Views from elsewhere in Tennessee
The following is a roundup of recent editorials from Tennessee members of The Associated Press. In some cases, the editorials have been edited for length. They do not reflect an editorial position of the AP but represent the opinions of the newspapers from which they are taken.
The (Memphis) Commercial Appeal, Dec. 24
Congress passed an energy bill that focused more attention on controversial fuel economy standards for the nation’s automotive fleet.
Slipping in under the radar was another major provision that requires 36 billion gallons of renewable fuel to be produced by 2022. Of that, 21 billion must be from advanced biofuel — not from corn, in other words — and 16 billion of that amount must be cellulosic biofuel.
That’s the University of Tennessee’s trademarked name for a product under development that could provide a major boost to agriculture in Tennessee.
UT is in the process of contracting with farmers to grow about 8,000 acres of switchgrass over the next three years for its new $40.7 million biofuels plant in East Tennessee. Tennessee corn growers, of course, also stand to gain from passage of the energy bill, which mandates an increase in corn-based ethanol production by 15 billion gallons a year.
Alternative fuels are all very much in the early stages of development, with questions still being raised about large-scale corn-based ethanol production’s effect on food prices and the environment as well as its reliance on energy and fertilizer made from natural gas, oil and coal.
In Tennessee, the transition is seen as a potential boon to the economy. The Grassoline plant in Monroe County is expected to be operating by 2009.
Tennessee also is playing a national role in the development of biofuels at the Oak Ridge National Laboratory, where a $125 million Bioenergy Research Center is being developed to conduct the basic research to improve the method of converting switchgrass to ethanol.
It’s far from a sure bet, but it is reassuring to know that at Oak Ridge some of the country’s most talented scientists are on the case. Grassoline could produce a win-win situation for both the nation and the state.
The (Murfreesboro) Daily News Journal, Dec. 21
It has been a good week for the cause of more open government, with promising signs on the state and national levels that at least some elected officials understand the importance of the public’s right to know what its government does. Nationally, Congress overwhelmingly passed bipartisan legislation that toughens the 40-year-old Freedom of Information Act (FOIA) and increases penalties on agencies that don’t comply with open records requests. This marked the first makeover of FOIA in a decade and would go a long way toward bringing back some balance to what has been a disturbing trend toward secrecy in the federal government in general and the Bush Administration in particular. Among the improvements to the act: a 20-day deadline for responding to FOIA requests; refund of search and duplication fees for noncommercial requesters if the deadline is not met; a system for media and the public to track the status of FOIA requests.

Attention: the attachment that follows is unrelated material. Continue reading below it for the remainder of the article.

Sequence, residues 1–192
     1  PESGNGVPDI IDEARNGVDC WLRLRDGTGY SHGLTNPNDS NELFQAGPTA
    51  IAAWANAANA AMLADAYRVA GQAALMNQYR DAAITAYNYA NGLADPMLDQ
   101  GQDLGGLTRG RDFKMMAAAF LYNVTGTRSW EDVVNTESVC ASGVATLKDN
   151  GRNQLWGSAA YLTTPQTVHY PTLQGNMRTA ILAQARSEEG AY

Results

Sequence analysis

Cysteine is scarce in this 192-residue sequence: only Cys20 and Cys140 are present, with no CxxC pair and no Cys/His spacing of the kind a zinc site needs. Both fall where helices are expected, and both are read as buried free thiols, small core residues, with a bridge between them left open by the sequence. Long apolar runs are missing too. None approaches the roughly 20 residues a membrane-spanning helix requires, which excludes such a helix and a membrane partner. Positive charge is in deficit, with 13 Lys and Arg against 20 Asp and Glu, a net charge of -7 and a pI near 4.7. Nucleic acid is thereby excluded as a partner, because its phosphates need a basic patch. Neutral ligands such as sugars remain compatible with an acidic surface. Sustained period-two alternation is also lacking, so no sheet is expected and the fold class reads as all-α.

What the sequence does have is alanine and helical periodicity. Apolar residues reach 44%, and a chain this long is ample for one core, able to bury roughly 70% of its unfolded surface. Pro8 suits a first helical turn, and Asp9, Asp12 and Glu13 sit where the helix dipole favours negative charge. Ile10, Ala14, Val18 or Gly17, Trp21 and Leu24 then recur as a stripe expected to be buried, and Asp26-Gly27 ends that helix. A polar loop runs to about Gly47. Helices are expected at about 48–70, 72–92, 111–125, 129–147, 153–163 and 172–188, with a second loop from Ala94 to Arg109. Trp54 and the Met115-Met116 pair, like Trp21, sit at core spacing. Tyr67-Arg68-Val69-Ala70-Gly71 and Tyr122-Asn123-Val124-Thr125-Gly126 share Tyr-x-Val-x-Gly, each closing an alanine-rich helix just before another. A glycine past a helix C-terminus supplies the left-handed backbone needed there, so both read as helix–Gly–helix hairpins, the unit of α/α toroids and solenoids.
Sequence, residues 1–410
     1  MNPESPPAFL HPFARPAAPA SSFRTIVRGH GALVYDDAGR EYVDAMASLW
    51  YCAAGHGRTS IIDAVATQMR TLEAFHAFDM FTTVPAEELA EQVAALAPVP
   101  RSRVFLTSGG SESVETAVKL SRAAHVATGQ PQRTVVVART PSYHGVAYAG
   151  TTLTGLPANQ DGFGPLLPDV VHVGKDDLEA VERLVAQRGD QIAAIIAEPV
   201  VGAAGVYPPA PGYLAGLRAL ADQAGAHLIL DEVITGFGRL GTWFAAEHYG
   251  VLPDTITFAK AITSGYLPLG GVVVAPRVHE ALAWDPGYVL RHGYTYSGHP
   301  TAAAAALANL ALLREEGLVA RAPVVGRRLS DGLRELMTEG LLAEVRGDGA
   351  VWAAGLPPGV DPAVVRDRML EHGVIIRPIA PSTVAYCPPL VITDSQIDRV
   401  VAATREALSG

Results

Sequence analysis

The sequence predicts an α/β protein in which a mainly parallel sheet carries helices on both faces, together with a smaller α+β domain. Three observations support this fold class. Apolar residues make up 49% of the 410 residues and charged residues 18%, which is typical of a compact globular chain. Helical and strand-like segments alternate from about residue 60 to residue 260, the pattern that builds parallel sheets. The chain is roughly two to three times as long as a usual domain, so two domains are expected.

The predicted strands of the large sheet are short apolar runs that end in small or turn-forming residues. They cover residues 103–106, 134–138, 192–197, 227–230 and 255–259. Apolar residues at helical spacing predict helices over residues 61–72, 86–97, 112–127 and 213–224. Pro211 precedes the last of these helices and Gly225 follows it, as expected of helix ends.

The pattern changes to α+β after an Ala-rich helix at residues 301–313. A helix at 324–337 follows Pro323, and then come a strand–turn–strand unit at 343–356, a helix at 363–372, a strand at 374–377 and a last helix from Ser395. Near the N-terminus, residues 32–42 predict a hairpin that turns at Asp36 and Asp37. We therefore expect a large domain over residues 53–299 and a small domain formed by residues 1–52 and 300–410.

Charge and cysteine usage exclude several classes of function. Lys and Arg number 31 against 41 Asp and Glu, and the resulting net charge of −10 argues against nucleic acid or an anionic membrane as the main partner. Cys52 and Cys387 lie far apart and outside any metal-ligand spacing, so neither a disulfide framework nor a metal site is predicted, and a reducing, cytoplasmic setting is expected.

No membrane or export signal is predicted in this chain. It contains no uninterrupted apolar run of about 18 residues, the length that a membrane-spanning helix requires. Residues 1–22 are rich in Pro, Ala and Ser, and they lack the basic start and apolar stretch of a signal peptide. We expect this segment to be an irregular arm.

This bill is a strong step toward keeping our federal government open and accountable.
Meanwhile, it was good to hear that state Sen. Randy McNally is hesitant to sponsor legislation that would change the state’s open government laws. We still feel the proposed changes would be atrociously damaging to the state’s open government laws and should be strongly rejected.
McNally, R-Oak Ridge, chaired the study committee that handed down its final recommendations this week. The panel is recommending, among other things, that up to three members of a government body be allowed to meet in private and even decide on how they would vote. That’s absolutely foolish and detrimental to open local government.
He should go a step further and recommend the panel reassembles, perhaps with a different makeup, and craft recommendations that protect citizens, not politicians.
Published in The Messenger 12.27.07